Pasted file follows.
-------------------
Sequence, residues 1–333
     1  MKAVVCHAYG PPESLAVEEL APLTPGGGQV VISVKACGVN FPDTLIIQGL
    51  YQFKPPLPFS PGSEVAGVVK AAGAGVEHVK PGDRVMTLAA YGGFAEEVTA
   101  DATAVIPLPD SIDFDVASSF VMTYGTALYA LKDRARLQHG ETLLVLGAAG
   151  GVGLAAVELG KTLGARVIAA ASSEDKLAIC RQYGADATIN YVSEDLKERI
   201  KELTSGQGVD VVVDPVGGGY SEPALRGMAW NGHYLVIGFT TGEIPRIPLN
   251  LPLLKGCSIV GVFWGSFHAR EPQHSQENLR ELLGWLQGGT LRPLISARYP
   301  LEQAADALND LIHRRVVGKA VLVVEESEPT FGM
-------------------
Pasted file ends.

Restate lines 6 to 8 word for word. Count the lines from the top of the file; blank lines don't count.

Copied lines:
   201  KELTSGQGVD VVVDPVGGGY SEPALRGMAW NGHYLVIGFT TGEIPRIPLN
   251  LPLLKGCSIV GVFWGSFHAR EPQHSQENLR ELLGWLQGGT LRPLISARYP
   301  LEQAADALND LIHRRVVGKA VLVVEESEPT FGM